5 Ways to Keep Partying But Stay Safe at College

NEW YORK ( TheStreet) -- If you're a college student heading back to school in the next two or three weeks, don't leave without some good health tips.

And if you're a mom or dad sending your child off to school, don't let them go until they've checked off a health care list that minimizes issues that might hit them during the school year.

The advice comes from the Lucile Packard Children's Hospital's Teen and Young Adult Clinic, which is out with a list of key health tips for collegians heading back to campus.

Sophia Yen, a clinical assistant professor of pediatrics at the Stanford School of Medicine and a member of the Packard teen health services clinic, says there are some health care dangers that await unwary collegians this fall. But a few preventive steps could minimize those dangers, she says.

Here's her checklist of "must have" health services for college students in 2013:

Don't be late to vaccinate. Getting vaccinated is a big priority for college students this year, Yen says. "We urge all college students to get vaccinated against these diseases: tetanus, diphtheria and pertussis; meningitis; and human papilloma virus, which is the No. 1 sexually transmitted infection in the United States," she advises. "Even if a college student has only two sexual partners in his or her lifetime, they have a 70% or higher chance of contracting one of the four HPV strains if they haven't received the vaccine."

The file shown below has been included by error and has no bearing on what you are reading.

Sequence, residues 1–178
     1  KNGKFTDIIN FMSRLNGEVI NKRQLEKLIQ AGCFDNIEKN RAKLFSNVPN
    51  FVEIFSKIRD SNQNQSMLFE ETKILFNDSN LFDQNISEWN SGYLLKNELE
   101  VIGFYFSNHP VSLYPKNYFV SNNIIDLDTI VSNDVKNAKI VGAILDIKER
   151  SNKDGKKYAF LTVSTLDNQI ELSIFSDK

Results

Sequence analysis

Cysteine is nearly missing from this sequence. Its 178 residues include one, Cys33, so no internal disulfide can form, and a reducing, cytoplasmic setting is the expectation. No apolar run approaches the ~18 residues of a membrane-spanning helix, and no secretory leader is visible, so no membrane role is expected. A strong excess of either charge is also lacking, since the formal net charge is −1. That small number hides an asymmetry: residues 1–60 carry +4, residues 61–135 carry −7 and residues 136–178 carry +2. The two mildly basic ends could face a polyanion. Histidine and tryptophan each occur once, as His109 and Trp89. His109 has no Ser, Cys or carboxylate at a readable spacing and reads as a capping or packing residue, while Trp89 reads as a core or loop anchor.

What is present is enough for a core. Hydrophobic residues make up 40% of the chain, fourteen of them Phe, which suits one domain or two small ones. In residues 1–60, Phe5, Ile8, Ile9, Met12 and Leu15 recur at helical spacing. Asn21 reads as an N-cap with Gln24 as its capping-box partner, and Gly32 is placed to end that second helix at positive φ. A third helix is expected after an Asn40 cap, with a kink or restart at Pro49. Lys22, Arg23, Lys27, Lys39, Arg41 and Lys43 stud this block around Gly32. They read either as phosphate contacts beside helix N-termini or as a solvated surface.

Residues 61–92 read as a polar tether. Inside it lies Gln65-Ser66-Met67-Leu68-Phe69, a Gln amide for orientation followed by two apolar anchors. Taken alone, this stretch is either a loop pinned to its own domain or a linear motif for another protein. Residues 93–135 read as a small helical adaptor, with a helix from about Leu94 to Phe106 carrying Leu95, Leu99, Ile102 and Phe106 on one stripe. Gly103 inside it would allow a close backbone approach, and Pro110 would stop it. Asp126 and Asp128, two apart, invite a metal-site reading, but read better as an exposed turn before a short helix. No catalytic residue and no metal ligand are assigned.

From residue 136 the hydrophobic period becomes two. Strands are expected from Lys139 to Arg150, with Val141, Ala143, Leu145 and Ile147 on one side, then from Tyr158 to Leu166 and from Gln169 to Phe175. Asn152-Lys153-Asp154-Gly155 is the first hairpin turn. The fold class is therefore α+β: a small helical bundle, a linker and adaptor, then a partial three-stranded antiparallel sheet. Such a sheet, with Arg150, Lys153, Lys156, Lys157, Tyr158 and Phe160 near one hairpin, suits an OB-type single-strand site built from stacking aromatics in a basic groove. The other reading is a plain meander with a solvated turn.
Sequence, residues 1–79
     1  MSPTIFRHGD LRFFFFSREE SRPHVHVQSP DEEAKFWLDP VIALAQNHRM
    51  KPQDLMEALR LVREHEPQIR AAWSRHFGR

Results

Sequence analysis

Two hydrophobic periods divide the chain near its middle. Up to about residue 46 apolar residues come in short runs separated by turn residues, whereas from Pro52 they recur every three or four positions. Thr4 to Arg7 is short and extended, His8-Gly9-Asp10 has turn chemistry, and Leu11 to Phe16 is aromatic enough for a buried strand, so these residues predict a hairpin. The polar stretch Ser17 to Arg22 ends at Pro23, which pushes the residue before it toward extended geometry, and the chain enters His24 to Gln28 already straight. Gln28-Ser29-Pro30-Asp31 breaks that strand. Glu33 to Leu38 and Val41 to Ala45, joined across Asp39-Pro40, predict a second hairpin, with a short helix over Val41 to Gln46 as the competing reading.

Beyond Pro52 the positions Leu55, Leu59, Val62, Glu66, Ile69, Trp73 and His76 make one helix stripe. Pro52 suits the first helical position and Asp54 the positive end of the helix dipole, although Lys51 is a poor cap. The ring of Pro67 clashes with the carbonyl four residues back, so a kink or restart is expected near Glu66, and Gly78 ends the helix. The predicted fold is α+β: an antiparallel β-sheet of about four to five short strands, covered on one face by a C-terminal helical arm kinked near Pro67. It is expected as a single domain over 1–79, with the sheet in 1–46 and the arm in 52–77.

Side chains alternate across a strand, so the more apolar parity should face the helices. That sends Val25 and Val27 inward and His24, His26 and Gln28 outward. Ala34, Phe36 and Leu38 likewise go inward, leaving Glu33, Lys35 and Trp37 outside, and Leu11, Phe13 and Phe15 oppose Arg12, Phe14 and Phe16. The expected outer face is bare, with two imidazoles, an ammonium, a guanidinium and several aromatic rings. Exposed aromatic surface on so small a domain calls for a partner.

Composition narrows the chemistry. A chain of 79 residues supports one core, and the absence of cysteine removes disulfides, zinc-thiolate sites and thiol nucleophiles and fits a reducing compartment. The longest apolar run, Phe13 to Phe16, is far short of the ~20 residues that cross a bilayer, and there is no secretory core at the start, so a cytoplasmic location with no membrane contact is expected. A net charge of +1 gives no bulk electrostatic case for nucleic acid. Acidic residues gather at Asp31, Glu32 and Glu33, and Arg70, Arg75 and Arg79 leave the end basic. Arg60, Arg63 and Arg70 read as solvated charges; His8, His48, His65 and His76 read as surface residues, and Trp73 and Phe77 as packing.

Test for this STD. Another sexual disease to text for is chlamydia, Yen says. "In addition, all sexually experienced individuals under the age of 26 should get tested for chlamydia every year," she says. Yen adds that 80% of men and women who have this sexually transmitted infection didn't know they had the disease and didn't experience any symptoms.

Turn off "e-devices." Yen says that college kids need a clean break from electronic devices every night. Their grades may suffer if they don't. "If students want an academic edge, I recommend that they create an 'electronic-free sleep oasis' from 10 p.m. to 6 a.m. and turn off all cellphones, tablets and audio and video players," she says. "If a student thinks someone may potentially call them, they will not fall into a deep sleep, which can affect academic performance."

Adopt some party protection. Any experienced college student understands the realities of campus life -- especially the drinking and partying. Yen offers a few tips to mitigate any trouble from a bottle. "One, never accept an open drink; and two, always go to parties with a buddy -- that way, you can always look out for each other in case one of you is slipped a drugged drink or someone drinks too much," she says.

Careful on contraception. The "hook-up" is another slice of college life reality, so contraception is key for sexually active students. "Sixty-three percent of high school seniors have had sex," Yen says. "I recommend both young men and women be aware of different types of emergency contraception and how they work," Yen says. "We also provide the latest information about the importance of safe sex and preventing STIs and unplanned pregnancies." Find that info here.

College students and their families can't afford to take collegiate health care needs lightly. In this case, an ounce of prevention really does save a pound of cure.

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